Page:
The Indian rupee on Monday tumbled 110 paise to once again close below the 64 mark against the US dollar, giving up a major part of Friday's gains amid heavy month-end dollar demand from importers and capital outflows.
A strengthening US dollar overseas and late weakness in local stocks also put pressure on the Indian rupee, a foreign exchange dealer said.
Global ratings agency Fitch said that India's fiscal numbers 'look weak' and warned of a downgrade if the country is unable to meet the fiscal deficit target.
At the interbank foreign exchange market, the Indian rupee opened lower at 63.65 a dollar from the previous close of 63.20 and dipped further to the day's low of 64.75.
The local currency recovered some ground after the Reserve Bank of India (RBI) was said to have stepped in through state-run banks, helping the Indian rupee to end at 64.30, a fall of 110 paise or 1.74 per cent.
"The RBI, which was there in the market on Friday, was not seen today, at least till 4.30 pm today. After that, there was some hint of intervention by the RBI. Month-end dollar demand from oil importers kept rupee under pressure," said Navin Raghuvanshi, VP for treasury at Development Credit Bank.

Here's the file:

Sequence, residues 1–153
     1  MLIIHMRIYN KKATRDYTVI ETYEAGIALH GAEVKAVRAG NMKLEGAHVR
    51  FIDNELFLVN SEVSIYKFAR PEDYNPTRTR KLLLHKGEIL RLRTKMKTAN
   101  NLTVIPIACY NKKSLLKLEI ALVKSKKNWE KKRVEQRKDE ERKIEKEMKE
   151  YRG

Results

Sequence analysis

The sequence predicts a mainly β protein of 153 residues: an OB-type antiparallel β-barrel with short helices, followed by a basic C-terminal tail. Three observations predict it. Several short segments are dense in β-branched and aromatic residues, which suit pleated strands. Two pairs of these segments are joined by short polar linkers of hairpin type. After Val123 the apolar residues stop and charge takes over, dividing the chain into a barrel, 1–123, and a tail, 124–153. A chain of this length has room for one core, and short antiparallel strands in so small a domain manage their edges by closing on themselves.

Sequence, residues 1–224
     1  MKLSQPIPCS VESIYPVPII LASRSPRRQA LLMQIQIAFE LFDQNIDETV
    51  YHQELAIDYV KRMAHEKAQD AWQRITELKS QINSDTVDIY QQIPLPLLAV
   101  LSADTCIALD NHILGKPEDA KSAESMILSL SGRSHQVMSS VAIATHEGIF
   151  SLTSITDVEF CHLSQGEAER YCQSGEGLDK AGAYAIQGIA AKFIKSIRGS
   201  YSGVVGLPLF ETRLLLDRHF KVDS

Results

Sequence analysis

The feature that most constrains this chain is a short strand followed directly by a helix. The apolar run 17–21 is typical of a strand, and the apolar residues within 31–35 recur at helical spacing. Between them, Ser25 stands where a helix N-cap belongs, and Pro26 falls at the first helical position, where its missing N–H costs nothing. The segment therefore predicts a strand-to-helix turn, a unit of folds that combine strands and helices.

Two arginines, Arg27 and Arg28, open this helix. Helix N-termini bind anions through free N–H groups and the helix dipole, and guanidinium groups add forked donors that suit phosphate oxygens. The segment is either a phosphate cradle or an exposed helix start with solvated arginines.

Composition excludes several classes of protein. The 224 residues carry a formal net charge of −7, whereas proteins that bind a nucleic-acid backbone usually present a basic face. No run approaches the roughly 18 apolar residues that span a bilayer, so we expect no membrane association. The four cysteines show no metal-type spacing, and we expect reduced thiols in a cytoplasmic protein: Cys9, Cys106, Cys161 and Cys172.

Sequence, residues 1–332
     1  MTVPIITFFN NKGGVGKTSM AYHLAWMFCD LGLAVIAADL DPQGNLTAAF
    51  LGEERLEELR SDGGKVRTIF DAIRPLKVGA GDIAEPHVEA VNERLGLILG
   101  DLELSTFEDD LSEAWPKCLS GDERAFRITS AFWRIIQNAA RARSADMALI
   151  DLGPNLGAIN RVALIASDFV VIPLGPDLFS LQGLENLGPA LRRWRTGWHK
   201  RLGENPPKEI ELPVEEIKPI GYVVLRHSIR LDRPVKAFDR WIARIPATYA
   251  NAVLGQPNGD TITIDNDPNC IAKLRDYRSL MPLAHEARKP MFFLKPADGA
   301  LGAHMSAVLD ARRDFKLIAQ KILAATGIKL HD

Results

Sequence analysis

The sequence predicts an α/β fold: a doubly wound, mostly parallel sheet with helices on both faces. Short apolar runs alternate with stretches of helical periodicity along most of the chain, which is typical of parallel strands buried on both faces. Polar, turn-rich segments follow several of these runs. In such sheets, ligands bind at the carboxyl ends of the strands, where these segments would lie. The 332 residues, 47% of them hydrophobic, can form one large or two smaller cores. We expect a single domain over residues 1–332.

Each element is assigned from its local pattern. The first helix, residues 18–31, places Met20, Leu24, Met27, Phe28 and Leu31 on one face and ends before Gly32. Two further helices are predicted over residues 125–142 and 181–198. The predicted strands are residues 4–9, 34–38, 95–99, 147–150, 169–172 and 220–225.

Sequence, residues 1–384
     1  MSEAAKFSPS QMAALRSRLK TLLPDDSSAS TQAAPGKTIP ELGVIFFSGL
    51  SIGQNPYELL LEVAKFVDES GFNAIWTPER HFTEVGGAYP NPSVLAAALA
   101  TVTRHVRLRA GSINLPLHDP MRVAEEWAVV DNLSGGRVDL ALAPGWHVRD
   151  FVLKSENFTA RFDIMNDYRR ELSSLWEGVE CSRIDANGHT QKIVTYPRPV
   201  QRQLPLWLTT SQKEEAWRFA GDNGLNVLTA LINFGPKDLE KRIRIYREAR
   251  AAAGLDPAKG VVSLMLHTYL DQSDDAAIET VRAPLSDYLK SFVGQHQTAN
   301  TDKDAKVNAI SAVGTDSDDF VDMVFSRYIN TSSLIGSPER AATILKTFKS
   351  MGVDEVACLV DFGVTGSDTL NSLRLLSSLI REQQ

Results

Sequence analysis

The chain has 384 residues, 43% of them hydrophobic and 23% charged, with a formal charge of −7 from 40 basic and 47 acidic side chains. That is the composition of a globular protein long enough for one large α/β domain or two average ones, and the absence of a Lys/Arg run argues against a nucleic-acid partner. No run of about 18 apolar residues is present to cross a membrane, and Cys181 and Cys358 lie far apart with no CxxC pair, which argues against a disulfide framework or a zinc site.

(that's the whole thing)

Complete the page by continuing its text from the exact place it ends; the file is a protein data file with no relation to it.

The benchmark BSE Sensex erased early gains and closed up 39 points, a gain of 0.21 per cent. Foreign institutional investors withdrew a net Rs 148.57 crore of stocks on Friday, as per provisional data with the stock exchanges.
In the wake of the rupee's depreciation and doubts over revenue increase targets, the government has repeatedly asserted it will meet the fiscal deficit target of 4.8 per cent. Fitch said the space to contain expenditure is very limited in the second half of the fiscal.
"A slowdown in fiscal expenditure in the second half of the year remains quite challenging," Fitch lead analyst Art Woo said on a conference call.
The dollar index was up by 0.08 per cent against a basket of six major global currencies after US Federal Reserve officials wrapped up a yearly gathering appearing ready to start slowing the monetary stimulus next month.
Concerns among investors about the widening current account deficit have led to turmoil in the stock markets and a sharp depreciation of the rupee.
On Saturday, Finance Minister P Chidambaram held meetings with overseas investors and top bankers in Mumbai as the government sought to allay apprehensions about the economic situation and appraise